Beyond your helpful bumble bee and friendly butterfly, what other insects should you keep around and what role do they play in your landscape? Here's some key insects you'll want to fill your garden with!

Ladybugs or Ladybirds

No matter what you call them they’re a good guest to have in your garden. Ladybugs will feed on aphids, caterpillars, mealybugs, scale, and thrips. Be on the lookout for bright yellow eggs on the underside of leaves and the molting stages of ladybugs so you don't accidentally mistake them for something else! 

Spiders

We don't blame you if you don't want to get too close to see what kind of spider you might have, but there’s a good chance that spider is doing you a favor. The great news is that most spiders, while on your plants, don’t bother the plants at all, and are just there to get close to their food, which is other insects. Spiders aren’t picky in what they eat, and so while a few good insects might fall prey, the benefits far outweigh the costs. 

Butterflies

Butterflies aren’t only beautiful; they’re so helpful. If you can stand having some caterpillars munching on your leaves, you’ll soon find that making your space friendly to butterflies will attract other helpful bugs like bees and ladybugs. Butterflies also assist with pollination in their own right with specialized mouthparts for flowers that other insects can’t reach. 

Bees

Bees should come as no surprise on this list. Around one third of the food consumed in the world is directly attributed to bees going from flower to flower. Keep the bees around and plant flowers to help them out, and your plants will thank you!

Wasps

It's a good idea to keep your distance from a wasp, but please let it do its work uninterrupted if you can! Beyond just being a great pollinator to have around and eating aphids and other small pests, some wasps lay parasitic eggs inside of a host that prevents bad bugs from reaching maturity.

Green Lacewings

These may not look that menacing, but don’t think they don't pull their weight. Green lacewings are true predators that feed on mealy bugs, mites, whitefly, aphids and thrips just to name a few, making them valuable to have around! 

Hover Flies

Depending on where you grew up you might know these by another name or not recognize that they’re different from wasps since their bodies are shaped very similarly with yellow and black stripes. The adults help pollinate plants, while the young feed on aphids.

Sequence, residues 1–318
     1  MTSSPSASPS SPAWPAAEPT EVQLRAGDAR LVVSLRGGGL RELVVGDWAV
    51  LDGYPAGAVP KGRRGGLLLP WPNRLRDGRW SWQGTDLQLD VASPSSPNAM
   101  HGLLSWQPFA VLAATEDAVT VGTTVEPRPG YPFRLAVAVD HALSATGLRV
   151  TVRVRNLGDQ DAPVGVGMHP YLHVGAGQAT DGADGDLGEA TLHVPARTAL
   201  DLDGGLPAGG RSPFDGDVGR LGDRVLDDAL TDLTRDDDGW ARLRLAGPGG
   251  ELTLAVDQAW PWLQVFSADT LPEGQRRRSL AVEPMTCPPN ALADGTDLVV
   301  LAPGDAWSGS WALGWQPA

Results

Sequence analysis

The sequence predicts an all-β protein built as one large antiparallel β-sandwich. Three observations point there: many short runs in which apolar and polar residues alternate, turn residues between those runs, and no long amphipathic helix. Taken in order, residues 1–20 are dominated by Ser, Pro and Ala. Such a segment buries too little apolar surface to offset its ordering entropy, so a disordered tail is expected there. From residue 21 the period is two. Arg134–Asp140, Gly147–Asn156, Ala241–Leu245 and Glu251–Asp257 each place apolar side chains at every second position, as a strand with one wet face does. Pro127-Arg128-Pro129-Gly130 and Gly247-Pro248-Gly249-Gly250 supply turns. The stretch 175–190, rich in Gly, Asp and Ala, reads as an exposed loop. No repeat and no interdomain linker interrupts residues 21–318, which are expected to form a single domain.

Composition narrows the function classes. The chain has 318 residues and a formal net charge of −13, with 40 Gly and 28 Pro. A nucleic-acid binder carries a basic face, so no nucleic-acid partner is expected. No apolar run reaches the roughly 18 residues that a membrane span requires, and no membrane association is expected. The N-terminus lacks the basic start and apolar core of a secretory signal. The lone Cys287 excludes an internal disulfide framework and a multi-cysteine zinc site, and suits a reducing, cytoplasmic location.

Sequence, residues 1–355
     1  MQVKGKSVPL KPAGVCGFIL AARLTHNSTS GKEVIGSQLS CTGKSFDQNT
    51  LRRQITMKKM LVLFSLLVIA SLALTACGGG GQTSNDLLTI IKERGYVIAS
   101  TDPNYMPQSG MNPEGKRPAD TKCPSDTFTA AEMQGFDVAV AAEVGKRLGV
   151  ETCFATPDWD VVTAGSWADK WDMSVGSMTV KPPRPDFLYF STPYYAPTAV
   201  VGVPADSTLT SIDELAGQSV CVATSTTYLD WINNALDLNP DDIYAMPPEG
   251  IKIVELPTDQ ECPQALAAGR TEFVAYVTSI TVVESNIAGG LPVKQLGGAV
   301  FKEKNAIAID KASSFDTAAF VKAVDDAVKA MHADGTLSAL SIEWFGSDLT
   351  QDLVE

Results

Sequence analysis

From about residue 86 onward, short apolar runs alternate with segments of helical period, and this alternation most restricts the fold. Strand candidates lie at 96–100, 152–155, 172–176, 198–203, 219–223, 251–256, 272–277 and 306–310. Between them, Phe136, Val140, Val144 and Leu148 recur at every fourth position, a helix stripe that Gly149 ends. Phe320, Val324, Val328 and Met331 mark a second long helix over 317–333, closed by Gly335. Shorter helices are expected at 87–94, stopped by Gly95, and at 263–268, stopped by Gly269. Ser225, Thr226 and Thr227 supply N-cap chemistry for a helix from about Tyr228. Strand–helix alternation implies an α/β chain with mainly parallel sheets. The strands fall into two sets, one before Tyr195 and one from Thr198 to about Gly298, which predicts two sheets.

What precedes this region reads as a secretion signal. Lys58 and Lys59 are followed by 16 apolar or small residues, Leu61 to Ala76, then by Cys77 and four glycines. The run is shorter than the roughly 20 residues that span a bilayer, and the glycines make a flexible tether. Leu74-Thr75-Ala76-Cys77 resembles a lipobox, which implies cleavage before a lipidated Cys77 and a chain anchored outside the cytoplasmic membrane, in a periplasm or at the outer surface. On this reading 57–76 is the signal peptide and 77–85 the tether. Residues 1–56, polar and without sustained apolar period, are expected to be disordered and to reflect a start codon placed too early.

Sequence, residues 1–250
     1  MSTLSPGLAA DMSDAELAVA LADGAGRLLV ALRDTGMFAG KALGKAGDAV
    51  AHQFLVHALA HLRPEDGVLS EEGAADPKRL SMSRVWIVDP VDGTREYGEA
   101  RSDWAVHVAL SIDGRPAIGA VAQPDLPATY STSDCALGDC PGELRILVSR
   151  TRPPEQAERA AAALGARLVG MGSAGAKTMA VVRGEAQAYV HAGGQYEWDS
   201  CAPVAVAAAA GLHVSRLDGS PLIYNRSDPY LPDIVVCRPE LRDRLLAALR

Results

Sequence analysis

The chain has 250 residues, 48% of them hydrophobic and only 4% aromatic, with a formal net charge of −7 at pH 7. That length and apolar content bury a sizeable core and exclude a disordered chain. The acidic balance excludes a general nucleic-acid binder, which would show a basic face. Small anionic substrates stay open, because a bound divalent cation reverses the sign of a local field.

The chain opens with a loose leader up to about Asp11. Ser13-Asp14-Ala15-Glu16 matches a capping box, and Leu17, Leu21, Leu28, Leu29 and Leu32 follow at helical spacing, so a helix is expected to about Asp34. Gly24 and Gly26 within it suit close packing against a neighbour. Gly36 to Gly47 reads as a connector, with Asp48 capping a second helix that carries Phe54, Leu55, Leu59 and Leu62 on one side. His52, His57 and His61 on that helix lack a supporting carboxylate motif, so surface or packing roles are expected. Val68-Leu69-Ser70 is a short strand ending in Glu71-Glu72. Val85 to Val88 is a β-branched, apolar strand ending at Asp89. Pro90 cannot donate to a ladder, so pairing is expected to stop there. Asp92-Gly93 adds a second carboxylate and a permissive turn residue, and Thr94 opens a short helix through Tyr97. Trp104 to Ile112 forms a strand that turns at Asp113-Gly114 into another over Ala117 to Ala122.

ladybug in garden

How To Be Insect Friendly

  • Stop with all the sprays. Insecticides kill insects and cannot tell between the good ones and the bad ones. While they certainly have a place in the gardening world, try avoiding the overuse of them in your garden and try to incorporate good insects that will push out the bad ones.
  • Plant native varieties amongst your landscape. Having a small patch of wildflowers next to your vegetable patch or fruit trees will do a world of good. 
  • Don't cut back your garden too early. Let the leaves get droopy and leave some brush. Many insects need this protected habitat to complete their life cycle.
  • Cater to their needs! If you want to see some butterflies, plant milkweed and other nectar plants to attract them. For bees, use coneflowers and bee balm in your landscape. If you want to attract a certain kind of insect, learn what plants will invite them in. 

bee pollinating flower

Keep your eyes open! Insects are everywhere, especially when you start to look for them. Try to find some you recognize and some you don’t and take a moment to observe them before you act. It might sound backwards that as a gardener you would want to invite insects into the garden when there’s so much telling you to keep them out.

However, as many great gardeners already know, the secret to a healthy and productive landscape is the insects that you invite in. Encouraging good insects to stay will benefit your entire landscape no matter what you’re growing and keep out the insects you don't want. Know that while you’re cultivating plants, you want to also cultivate the microorganisms and insects that will keep your garden growing!

To keep learning, check out our articles on Planting a Pollinator Garden and Planting a Bee Garden, as well as our category of plants that attract wildlife!

Meredith Gaines

Meredith's love for plants started at a young age, and only grew when she started working in the Desert Exhibit at the South Carolina Botanical Gardens and the Historic Filoli Estate in the Bay Area. After graduating from Clemson University (GO TIGERS!) with a degree in Biology and Horticulture, she found her niche in the FastGrowingTrees.com family as a horticulturist and has grown in her current role as Senior Plant Expert.

She currently resides in her hometown of Charlotte, North Carolina, and enjoys spending any time she can outdoors. She learns new things about plants every day and loves sharing her plant knowledge and tips with those around her. Her favorite plant is constantly changing, but her long-time favorites are peonies, oak trees, and ferns.

Questions? Contact Meredith at information@fastgrowingtrees.com.